Skip to content

dissenting dialogues – New Social Justice Magazine on Sri Lanka

November 18, 2010

dissenting dialogues, a new social justice magazine on Sri Lanka was just launched. The introduction and the list of articles in the first issue are listed below. The entire magazine can also be downloaded

Introducing dissenting dialogues

Debates on the causes and consequences of the 30-year war in Sri Lanka, and its end in May 2009, continue to evoke heated exchanges in some quarters and a disempowered silence in others. A year and a half later, it is time to engage in an open discussion that is truly reflective. While there are both continuities and discontinuities from before, during and after the war, there is clearly a renewed need for dissent and dialogue to broaden and transform the debate.

Sri Lanka’s postcolonial history has been marred by decades of economic and development policies that have marginalised and exploited sections of the urban and rural population, the inability of successive governments to address the grievances of the Tamil, Muslim and Up-Country Tamil minorities in relation to the state, the continuing oppression of women in society, and the exclusion of oppressed castes. Furthermore, the last years of the war in particular have been worryingly marked by the consolidation of centralised executive power, the rise of authoritarianism, the militarisation of state and society, the renewed force of nationalist mobilisation and the polarisation of communities along ethnic, religious and regional lines. The current moment calls for broad intellectual and political engagement aimed at democratisation and social and economic transformation.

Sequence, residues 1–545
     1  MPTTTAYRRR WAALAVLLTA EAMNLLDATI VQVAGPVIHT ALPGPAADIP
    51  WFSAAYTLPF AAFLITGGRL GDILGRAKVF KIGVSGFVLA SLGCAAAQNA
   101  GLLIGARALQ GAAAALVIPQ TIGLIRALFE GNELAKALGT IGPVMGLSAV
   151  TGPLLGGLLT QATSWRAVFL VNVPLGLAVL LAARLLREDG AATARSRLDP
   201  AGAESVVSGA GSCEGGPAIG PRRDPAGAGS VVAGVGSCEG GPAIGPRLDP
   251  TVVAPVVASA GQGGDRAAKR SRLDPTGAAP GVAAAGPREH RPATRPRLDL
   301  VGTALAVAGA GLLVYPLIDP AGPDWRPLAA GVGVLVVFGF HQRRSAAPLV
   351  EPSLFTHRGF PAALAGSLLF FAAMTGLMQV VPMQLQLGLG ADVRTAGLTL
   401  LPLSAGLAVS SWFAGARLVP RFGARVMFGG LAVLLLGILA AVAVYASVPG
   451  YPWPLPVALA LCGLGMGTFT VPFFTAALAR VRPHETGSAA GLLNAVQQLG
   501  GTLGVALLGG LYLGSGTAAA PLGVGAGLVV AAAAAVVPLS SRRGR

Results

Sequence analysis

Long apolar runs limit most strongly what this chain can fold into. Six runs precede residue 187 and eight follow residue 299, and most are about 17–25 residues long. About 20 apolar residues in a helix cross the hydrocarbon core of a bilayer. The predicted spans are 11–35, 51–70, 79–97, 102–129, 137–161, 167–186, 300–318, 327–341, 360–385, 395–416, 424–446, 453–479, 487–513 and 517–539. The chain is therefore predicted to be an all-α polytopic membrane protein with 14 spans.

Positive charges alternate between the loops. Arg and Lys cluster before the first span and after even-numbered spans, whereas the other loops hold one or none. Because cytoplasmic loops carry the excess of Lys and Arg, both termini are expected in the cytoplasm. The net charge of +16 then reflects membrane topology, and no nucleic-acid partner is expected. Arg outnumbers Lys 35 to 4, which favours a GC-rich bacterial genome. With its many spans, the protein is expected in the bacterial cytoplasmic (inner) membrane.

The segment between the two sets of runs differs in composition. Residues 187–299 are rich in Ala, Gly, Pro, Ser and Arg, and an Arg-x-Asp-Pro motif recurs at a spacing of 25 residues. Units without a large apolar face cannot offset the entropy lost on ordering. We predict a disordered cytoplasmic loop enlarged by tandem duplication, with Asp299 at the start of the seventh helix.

dissenting dialogues makes its appearance against this backdrop, initiated by the Sri Lanka Democracy Forum and others, with the aim of expanding the space for dissent and critical dialogue on relevant issues relating to the past, present and future of Sri Lanka. The magazine hopes to highlight views and analyses that all too often become marginalised from mainstream discourse. At a time when both hegemonic international and state-sponsored agendas seek to dominate research, analysis and reportage, the emphasis in these pages is of necessity on critical writing and a commitment to social justice, pluralism and democratisation. Although currently facilitated by SLDF, it is hoped that at a future date, dissenting dialogues will evolve into an independent entity.

dissenting dialogues welcomes original submissions, including essays, opinion pieces, reportage, and criticism and debate on previously published articles. Articles can be in English, Sinhala or Tamil and should be 1,000 to 3,000 words and not published elsewhere. Articles will be edited by the editorial collective and writers are expected to respond to editorial queries prior to publication. Please e-mail questions and submissions to

Articles in Issue No. 1, November 2010:

Lessons Learnt: Conducting Our Own Exercise, Rohini Hensman

The Anatomy of Rajapaksa Rule, Tisaranee Gunasekara

The Legacy of Emergency Rule, Wasana Punyasena

Our Shared Responsibility to the Peoples of Sri Lanka and the First Nations, Kevin Shimmin

Tamil-Muslim Relations: Remembering the Eviction of Northern Muslims, SLDF London Chapter

Dalit Politics and the Urgent Need for a Social Movement, Ragavan

Regime Consolidation and the Promise of Sovereignty and Development, Ahilan Kadirgamar

Please click here to download the November 2010 issue of dissenting dialogues.

We look forward to your comments. Comments are subject to moderation as per our comments policy. They may take some time to appear.

Fill in your details below or click an icon to log in: Logo

You are commenting using your account. Log Out / Change )

Twitter picture

You are commenting using your Twitter account. Log Out / Change )

Facebook photo

You are commenting using your Facebook account. Log Out / Change )

Google+ photo

You are commenting using your Google+ account. Log Out / Change )

Connecting to %s


Get every new post delivered to your Inbox.

Join 71,909 other followers

%d bloggers like this: